Piloting a plane for a “check ride” has plenty of pressure under normal circumstances. Add engine trouble at takeoff to the scenario and it really gets tense, but that’s precisely the situation 18-year-old Daniel Luna faced last fall.
Fortunately he had attentive air traffic controllers watching his back and a seasoned FAA safety inspector at his side in the Cessna 172RG. Although Luna had to redo his check ride later, he landed his smoking aircraft that early September day without incident.
“I always find a way to make the pieces fit together perfectly,” controller Marc Gough told the Dallas Morning News in recounting his role in the incident. “That’s the thing that I guess turns that stress into a positive thing for me ... separating all these aircraft and getting everybody where they want to be in a safe and expeditious fashion.”
Luna was only about 200 feet in the air and still over the 7,203-foot runway at Addison Airport north of Dallas when supervisor Josh Kovar spotted smoke coming from the plane. He alerted Gough, who had turned his attention to three arriving aircraft from the opposite direction and a nearby helicopter after Luna’s departure.
Gough quickly assessed the situation and warned Luna: “You’re smoking. You’re smoking a lot. You may want to just land again.”
Holes in the oil pan of the Cessna 172RG caused the engine to smoke. (Photo: FAA)
Neither Luna nor safety inspector Cristobal Diaz could immediately see smoke or sense engine trouble. No problems had been apparent minutes earlier during the pre-flight engine check, either. But by the time Gough repeated the smoke warning to Luna more emphatically about 20 seconds later, Luna had decided to land before he ran out of runway room.
That course of action proved to be a wise one for the student pilot. As the Morning News noted, Addison is one of the busiest single-runway airports in the country, and air traffic was heavy that day. The airport is just a few miles from downtown Dallas, so Luna would have had few options to guide a plane with no engine to a safe landing had he left the airport vicinity.
Over the next two minutes, Gough cleared other traffic out of Luna’s path so he could get back to the airport, all the while contemplating what emergency services he might need.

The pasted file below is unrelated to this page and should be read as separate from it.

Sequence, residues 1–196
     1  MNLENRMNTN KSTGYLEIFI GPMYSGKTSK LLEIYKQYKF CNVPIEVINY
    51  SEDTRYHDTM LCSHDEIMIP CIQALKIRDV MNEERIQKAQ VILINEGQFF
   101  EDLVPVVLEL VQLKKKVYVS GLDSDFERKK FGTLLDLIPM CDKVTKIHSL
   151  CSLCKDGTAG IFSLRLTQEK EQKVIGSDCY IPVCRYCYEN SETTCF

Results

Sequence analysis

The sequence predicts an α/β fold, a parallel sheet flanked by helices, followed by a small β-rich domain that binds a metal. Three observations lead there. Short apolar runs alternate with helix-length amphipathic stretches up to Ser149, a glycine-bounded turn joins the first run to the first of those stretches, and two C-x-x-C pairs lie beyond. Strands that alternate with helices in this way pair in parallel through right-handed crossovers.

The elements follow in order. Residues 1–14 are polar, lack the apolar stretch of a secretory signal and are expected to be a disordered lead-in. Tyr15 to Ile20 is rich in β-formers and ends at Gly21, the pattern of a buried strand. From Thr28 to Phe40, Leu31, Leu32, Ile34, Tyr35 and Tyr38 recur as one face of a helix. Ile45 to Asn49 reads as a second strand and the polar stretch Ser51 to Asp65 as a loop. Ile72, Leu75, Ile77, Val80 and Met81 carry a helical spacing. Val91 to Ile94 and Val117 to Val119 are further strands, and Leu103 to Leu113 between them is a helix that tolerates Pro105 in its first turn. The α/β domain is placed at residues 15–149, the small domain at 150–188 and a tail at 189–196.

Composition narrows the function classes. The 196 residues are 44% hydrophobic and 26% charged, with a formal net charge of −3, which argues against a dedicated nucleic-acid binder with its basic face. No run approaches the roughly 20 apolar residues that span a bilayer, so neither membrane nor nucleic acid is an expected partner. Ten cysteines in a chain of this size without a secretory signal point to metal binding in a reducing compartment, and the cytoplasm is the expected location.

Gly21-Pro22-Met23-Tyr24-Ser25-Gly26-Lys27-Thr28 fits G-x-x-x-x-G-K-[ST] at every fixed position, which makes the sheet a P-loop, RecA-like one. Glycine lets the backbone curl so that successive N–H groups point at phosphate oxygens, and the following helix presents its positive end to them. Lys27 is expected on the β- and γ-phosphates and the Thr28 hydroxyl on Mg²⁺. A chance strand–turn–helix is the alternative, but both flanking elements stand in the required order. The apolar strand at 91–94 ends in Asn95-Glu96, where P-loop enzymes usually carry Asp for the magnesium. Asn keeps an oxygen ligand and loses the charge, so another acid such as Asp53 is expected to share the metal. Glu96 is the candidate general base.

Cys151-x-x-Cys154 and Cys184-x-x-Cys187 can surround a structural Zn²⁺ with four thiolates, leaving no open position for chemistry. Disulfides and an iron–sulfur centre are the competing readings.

After Luna had landed safely about four-fifths down the length of the runway, Gough twice reassured him that his aircraft was still the priority. “Whatever you need to do, we’re just moving aircraft for you, sir.”
Luna exited the runway but ultimately decided to shut down the Cessna because of the smoke rather than trying to taxi back to the hangar of American Flyers, the flight school that owns it.
He initially thought he needed just a tow truck for the plane and not a fire truck, but Gough made a different call based on what he saw from the control tower.
“I’m going to call you a truck anyway just in case,” he said. “... It’s not going to be on you; it’ll be on us.”
Gough praised Kovar for spotting the unfolding situation while Gough was focused on other traffic. He noted that the mechanic who examined the engine, which had holes in the oil pan from a mechanical problem, said the pilot probably only had about 30 seconds before total engine failure. “Without Mr. Kovar’s second set of eyes and awareness of my attention focused to the south, this situation would have had a different outcome,” Gough said.
Air Traffic Manager Marty Skinner, meanwhile, lauded both members of his team. “I am extremely proud of how this situation was handled and how Mr. Gough and Mr. Kovar demonstrated the essential component of teamwork so critical to the safety of everyday air traffic operations,” he said.
And Matthew Green, a front line manager at the North Texas Flight Standards District Office, praised Diaz’s in-flight reaction to the emergency. He said Diaz is “an inquisitive and level-headed inspector whose dedication to aviation safety, coupled with the skills he possesses, served him well. ... His performance that day reflects well on the FAA, the FSDO and himself.”
Eight days later, Luna took to the air again and completed his check ride in another plane, without any mechanical obstacles that time. He is now an instructor at American Flyers.